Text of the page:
Sony has taken legal action against hackers who managed to crack the Playstation 3’s security codes. Sony says the hackers recently began spreading a set of tools based on their work that could potentially allow pirated games to be run on the console. Those cited in the complaint include famed iPhone hacker George “GeoHot” Hotz and a group of hackers known as fail0verflow.
Fail0verflow announced in December that the group had found a way to stop the PS3’s “technical protection measures” (TPMS) from thwarting attempts to run unauthorized programs on the console, effectively exposing the system to piracy risks. The 21-year old Hotz contributed to the effort by cracking the PS3’s root key.
On Tuesday, Sony filed a legal complaint and restraining order to end the distribution of the tools that make the hack possible to the general, non-hacker public. The complaint accuses the group of hackers of computer fraud and of actions that violate the Digital Millennium Copyright Act.
“Working individually and in concert with one another, the defendants recently bypassed effective technological protection measures employed by Sony,” Sony’s complaint states. “Through the internet, defendants are distributing software, tools and instructions that circumvent the [security measures] and facilitate the counterfeiting of video games. Already, pirate video games are being packaged and distributed with these circumvention devices.”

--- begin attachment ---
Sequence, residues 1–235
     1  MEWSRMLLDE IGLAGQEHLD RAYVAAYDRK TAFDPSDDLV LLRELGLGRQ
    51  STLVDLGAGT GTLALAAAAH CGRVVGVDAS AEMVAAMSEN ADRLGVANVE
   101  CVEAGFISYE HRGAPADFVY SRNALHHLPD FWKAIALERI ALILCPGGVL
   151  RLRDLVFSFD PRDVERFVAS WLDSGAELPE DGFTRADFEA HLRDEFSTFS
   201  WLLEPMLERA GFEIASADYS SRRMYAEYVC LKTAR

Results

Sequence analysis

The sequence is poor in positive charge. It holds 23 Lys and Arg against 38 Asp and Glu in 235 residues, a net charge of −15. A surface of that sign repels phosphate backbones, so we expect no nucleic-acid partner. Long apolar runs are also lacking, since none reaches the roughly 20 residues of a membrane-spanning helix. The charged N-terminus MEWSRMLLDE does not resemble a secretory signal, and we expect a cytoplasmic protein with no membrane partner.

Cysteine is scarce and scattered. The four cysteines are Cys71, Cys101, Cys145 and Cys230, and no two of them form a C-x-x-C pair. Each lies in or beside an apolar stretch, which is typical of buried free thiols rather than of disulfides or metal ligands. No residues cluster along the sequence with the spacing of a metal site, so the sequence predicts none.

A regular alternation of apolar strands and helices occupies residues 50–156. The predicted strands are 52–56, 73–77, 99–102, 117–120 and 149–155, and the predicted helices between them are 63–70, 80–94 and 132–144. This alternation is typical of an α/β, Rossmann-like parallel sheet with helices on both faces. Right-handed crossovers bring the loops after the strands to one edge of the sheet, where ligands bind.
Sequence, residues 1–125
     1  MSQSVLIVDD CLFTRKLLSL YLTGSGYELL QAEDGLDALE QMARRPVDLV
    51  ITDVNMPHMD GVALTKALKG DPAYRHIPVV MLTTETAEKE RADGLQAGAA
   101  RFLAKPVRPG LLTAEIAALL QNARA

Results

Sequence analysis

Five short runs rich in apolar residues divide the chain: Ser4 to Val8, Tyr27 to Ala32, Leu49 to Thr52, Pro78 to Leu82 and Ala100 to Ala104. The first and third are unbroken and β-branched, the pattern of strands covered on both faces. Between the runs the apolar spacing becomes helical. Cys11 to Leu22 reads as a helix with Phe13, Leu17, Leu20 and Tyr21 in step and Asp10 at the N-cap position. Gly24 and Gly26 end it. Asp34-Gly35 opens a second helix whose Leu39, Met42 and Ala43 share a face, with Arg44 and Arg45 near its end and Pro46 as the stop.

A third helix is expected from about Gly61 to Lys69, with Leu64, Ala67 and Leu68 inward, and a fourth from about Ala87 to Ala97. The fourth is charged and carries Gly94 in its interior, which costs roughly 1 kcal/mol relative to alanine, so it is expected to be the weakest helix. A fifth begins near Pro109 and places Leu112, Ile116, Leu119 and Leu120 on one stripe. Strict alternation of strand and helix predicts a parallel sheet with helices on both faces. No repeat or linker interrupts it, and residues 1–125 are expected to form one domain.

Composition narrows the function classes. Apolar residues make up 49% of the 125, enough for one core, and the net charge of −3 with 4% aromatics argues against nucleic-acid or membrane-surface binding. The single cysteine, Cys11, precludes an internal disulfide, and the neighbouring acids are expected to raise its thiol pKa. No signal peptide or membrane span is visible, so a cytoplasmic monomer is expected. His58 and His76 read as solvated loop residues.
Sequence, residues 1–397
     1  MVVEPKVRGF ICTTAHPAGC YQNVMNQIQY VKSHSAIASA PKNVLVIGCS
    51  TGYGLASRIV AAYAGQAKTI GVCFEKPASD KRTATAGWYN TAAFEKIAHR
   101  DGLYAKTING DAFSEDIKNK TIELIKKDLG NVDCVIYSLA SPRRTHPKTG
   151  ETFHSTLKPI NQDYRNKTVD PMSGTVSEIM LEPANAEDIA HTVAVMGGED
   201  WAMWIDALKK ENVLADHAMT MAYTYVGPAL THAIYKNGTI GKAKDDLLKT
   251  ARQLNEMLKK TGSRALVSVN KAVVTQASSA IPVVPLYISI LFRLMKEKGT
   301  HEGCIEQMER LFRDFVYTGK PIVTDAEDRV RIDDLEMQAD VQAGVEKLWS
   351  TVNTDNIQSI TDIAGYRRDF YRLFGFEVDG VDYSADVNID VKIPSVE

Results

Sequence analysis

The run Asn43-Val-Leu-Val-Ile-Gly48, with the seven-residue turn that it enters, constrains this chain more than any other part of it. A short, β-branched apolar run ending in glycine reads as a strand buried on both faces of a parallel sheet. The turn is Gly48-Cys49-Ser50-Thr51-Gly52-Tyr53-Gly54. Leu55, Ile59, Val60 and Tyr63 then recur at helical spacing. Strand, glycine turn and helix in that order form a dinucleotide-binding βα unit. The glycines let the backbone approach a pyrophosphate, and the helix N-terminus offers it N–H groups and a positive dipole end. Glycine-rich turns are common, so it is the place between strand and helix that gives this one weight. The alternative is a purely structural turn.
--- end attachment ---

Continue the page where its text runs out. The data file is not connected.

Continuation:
Sony further accuses Hotz of benefiting financially from his PS3 hack through a PayPal account that he had set up.
Fail0verflow’s set of PS3 hacking tools include programs called Metldr Keys, dePKG Firmware Decrypter, 3.55 6 Firmware Jailbreak code and Signing Tool. According to Sony, the programs compromise the PS3’s protection measures that were put in place to combat the reasonable threat of software piracy.
Fail0verflow claims that its PS3 hacks were meant to “be able to run Linux with dual-boot into GameOS, without 3D restrictions, on every PS3 currently out there” — not to enable piracy. Sony issued a firmware upgrade last April that removed the PS3’s ability to run under a different operating system, such as Linux or Ubuntu.
- PlayStation Classic hacked in less than a week to play games via USB drive
- The most common PlayStation 4 problems, and how to fix them
- New copyright ruling protects right to repair gadgets and archive video games
- Russian hackers are targeting U.S. emails with phishing malware
- Xbox One vs. PS4: Which console is king in 2018?